Interception errors had serious consequences for individuals

Law enforcement and security services made 12 serious technical and nine human surveillance errors last year

Law enforcement and intelligence agencies made 267,373 requests for communications data, resulting in 517,236 authorisations to intercept or produce private data last year.

The bulk of the requests, 237,694, came from the police and law enforcement agencies, a report by the interception of communications commissioner Anthony May revealed.

Only 26,202 requests were from the three intelligence services – MI5, MI6 and the electronic intelligence agency, GCHQ – according to the report.

The report was presented to the prime minister at the same time as a report from MPs of the Intelligence and Security Committee calling for reform of intelligence and surveillance laws.

Interception errors

May revealed that the law enforcement and security services made 12 serious technical and human errors, which had serious consequences for individuals during the course of the year.

They resulted in actions being taken against the wrong individuals, innocent people’s addresses being visited by officers, or a warrant being executed at the wrong address.

Little known institution gets the all clear

The interception of communications commissioner Anthony May's report looked at a little known institution, the National Technical Assistance Centre (NTAC). 

NTAC is the depositary for encryption keys that have been ordered to be handed over to the government to help the intelligence services break into secure communications.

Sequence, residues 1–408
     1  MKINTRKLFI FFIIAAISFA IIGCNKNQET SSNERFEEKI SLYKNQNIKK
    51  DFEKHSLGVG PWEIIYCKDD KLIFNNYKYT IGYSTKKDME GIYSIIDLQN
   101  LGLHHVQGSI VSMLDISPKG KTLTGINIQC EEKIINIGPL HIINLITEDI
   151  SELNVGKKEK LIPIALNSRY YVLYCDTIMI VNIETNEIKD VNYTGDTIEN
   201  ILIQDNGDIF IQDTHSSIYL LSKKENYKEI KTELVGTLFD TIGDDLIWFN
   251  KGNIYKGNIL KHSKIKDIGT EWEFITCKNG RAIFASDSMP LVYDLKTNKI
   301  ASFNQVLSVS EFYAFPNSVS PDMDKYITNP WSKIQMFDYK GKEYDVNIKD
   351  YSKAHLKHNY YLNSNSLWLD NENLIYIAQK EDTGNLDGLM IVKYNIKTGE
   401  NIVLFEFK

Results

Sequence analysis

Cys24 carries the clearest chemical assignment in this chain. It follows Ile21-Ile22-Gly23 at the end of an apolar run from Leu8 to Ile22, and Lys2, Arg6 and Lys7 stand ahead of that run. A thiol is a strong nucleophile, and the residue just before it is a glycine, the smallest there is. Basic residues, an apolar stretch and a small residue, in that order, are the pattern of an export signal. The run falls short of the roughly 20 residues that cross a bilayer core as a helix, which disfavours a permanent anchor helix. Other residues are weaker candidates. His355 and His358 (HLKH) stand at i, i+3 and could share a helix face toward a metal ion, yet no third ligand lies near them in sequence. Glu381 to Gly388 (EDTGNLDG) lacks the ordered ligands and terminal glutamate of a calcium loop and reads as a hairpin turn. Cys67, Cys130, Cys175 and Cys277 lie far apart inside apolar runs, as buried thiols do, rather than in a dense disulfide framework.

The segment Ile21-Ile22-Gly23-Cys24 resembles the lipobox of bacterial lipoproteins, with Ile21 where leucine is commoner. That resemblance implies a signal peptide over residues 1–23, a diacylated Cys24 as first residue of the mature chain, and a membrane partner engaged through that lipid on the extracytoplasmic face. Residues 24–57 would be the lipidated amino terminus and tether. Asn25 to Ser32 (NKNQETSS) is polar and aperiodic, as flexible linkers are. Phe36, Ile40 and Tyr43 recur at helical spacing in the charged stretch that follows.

There have been no applications for an order to process encryption keys since May took on the job in January 2013, he revealed.

On four occasions errors led to delays by the police in conducting welfare checks on people in crisis.

A further 60 incidents were reported to May in 2014 – a rise of 3% on 2013.

The majority of errors, 78%, were a failure to cancel a warrant after it had ceased to be material. In some cases, authorities asked for the wrong data, or gave the wrong addresses through human error.

May has the power to investigate claims for compensation from people who believe their communications had been unlawfully intercepted.

But he chose to refer all claims he received to another body, the Investigatory Powers Tribunal, the report revealed.

May, who is in charge of overseeing Section 94 of the 1984 Telecommunications Act, disclosed that he lacked adequate staff for this part of his work. The act deals with national security and relations with other countries. “My office is currently working at maximum capacity," he said.

Interception of prisoner communications

One of the most contentious areas that the interception commissioner is responsible for is the interception of prisoners’ communications.

Thousands of mobiles are being confiscated in British prisons each year, and many are prisoners using them as a form of "jail currency".

The problem for prison authorities is to stop prisoners running crime empires from inside prison and, as has happened, organising murders from their cells.

May points out that a procedure for handling this issue has been agreed by the National Offenders Management Service.

He said it was astonishing that procedures had not yet been implemented, despite being in draft for a number of years.

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